The CAP Laboratory Accreditation Program is on solid footing, and at the end of March the CMS reapproved the CAP as a deemed accreditor for another six years. But a disparity level of 20 percent is the mark at which the CMS steps up its scrutiny via a “deeming authority review.” The CAP would like to get its disparity level down to where it normally hovers, at under 10 percent. “The College believes this may be a good time to make more laboratories aware of the CMS process and its importance,” says Dr. Datto, who is medical director for clinical laboratories, Duke University Health System, and an associate professor in the Department of Pathology at Duke.

The validation process provides evaluative data for all deemed laboratory accreditation organizations under CLIA. Only the 90 percent of CAP-accredited labs with CLIA numbers are subject to CMS validation inspections. If chosen, a laboratory gets about a week’s notice that CMS inspectors are planning to be on site to do a validation, says Amy Daniels, the Laboratory Accreditation Program’s senior manager of investigations.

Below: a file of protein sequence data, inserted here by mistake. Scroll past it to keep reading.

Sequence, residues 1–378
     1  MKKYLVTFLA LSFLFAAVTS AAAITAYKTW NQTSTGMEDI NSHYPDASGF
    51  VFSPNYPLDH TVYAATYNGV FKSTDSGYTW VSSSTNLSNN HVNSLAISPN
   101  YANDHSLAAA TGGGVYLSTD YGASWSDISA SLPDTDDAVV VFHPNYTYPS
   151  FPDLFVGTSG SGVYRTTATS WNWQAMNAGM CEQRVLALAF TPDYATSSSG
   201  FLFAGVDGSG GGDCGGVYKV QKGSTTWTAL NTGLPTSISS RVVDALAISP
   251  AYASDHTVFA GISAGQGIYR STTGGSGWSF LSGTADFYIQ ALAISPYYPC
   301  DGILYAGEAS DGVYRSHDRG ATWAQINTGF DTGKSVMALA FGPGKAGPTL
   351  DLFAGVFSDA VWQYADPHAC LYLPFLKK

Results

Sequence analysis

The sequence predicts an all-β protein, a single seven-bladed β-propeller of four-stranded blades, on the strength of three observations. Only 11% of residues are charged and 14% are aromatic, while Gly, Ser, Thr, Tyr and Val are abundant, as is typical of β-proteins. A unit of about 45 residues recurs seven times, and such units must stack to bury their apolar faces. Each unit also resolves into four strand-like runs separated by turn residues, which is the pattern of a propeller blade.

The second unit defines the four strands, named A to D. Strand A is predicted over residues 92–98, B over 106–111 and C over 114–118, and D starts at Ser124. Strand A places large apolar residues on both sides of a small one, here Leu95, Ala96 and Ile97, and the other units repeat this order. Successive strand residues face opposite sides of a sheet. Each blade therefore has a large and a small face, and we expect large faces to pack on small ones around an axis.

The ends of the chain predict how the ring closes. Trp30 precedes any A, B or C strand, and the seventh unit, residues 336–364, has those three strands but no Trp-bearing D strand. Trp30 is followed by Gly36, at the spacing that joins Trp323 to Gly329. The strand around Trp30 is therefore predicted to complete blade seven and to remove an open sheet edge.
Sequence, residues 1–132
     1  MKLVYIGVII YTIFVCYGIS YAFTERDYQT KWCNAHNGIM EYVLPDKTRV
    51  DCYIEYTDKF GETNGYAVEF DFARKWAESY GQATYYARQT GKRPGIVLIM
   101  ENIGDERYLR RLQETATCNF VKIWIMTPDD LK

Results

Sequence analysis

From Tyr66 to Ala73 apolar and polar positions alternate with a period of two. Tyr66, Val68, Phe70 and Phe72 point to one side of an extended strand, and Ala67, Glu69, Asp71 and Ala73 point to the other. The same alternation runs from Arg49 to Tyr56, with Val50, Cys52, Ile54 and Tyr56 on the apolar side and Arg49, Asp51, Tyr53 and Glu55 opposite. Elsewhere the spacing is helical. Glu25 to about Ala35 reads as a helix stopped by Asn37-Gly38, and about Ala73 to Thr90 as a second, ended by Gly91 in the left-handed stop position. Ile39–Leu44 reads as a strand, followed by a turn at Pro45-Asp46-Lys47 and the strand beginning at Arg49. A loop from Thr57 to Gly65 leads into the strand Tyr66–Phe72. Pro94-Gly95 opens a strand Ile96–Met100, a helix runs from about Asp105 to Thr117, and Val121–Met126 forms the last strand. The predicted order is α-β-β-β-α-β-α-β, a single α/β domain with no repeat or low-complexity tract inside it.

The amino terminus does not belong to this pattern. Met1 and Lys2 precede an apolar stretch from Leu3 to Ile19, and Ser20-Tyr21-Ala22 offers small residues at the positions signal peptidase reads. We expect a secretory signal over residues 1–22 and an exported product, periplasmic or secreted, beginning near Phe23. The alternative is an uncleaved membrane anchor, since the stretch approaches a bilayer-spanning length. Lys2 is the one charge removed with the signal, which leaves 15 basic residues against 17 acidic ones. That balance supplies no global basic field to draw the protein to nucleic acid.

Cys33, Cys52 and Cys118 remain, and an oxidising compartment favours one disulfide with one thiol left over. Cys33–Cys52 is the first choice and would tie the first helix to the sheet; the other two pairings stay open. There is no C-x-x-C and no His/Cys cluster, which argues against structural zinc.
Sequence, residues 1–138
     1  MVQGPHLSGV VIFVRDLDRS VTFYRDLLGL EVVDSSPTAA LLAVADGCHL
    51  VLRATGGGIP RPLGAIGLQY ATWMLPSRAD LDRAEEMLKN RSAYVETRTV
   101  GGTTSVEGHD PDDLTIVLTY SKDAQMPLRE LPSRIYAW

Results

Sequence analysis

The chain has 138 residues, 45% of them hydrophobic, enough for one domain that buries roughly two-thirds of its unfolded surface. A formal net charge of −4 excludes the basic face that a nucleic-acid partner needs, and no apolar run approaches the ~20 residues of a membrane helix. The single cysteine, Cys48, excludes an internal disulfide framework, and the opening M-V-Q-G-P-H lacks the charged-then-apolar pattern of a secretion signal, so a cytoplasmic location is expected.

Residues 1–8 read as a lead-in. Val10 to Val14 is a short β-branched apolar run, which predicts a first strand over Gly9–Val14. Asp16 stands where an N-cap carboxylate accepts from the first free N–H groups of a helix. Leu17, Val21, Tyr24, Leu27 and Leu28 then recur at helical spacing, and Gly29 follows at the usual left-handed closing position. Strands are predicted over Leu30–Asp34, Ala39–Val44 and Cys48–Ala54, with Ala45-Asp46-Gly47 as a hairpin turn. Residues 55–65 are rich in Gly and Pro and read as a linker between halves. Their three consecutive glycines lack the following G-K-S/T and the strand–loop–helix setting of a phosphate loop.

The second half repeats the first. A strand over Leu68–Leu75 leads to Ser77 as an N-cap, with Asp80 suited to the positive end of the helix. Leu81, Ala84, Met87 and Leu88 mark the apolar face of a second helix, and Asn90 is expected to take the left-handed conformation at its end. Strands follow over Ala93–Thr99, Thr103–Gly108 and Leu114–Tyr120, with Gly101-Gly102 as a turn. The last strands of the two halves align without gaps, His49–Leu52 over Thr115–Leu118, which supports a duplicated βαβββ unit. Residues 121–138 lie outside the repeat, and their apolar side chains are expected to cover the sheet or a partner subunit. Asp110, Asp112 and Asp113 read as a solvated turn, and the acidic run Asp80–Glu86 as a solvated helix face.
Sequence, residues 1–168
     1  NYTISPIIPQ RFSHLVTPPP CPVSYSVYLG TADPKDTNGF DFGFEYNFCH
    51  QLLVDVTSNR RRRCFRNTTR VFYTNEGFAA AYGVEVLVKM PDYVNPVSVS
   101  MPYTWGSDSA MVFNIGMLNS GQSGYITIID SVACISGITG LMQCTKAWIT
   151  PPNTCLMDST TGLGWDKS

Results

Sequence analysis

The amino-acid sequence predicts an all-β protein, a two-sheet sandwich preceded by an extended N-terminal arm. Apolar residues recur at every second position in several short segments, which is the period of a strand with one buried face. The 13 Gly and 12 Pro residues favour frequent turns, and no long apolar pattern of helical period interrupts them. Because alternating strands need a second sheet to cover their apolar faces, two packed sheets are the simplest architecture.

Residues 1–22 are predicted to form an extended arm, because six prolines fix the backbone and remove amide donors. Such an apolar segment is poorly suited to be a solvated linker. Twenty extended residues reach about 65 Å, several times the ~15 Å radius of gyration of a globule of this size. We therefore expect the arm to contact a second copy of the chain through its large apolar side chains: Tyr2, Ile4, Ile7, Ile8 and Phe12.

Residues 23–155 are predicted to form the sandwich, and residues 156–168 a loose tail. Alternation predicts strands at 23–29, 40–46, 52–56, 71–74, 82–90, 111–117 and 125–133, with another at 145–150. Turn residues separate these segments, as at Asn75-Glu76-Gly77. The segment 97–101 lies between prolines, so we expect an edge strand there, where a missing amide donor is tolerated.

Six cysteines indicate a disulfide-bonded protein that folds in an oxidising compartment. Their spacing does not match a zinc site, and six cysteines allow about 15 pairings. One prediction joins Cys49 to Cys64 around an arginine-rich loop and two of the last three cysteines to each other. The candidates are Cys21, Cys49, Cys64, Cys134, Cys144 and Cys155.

“In general, they are selected at random, according to CMS,” she notes. But if the CMS receives a complaint against a laboratory that is due to have an inspection by the CAP, the CMS may add that laboratory to the validation list. Still, “A validation is kind of an unusual event for a laboratory,” Daniels says. “Most of them aren’t aware of this process and what it entails.”

The CMS must carry out the validations within a 90-day window after a CAP inspection, says Linda Palicki, CAP’s director of continuous compliance. “If they find a deficiency that was missed by the CAP inspection team, and if it is a condition-level deficiency of a higher severity or significance, that counts as a discrepancy between the CMS audit and the CAP inspection.”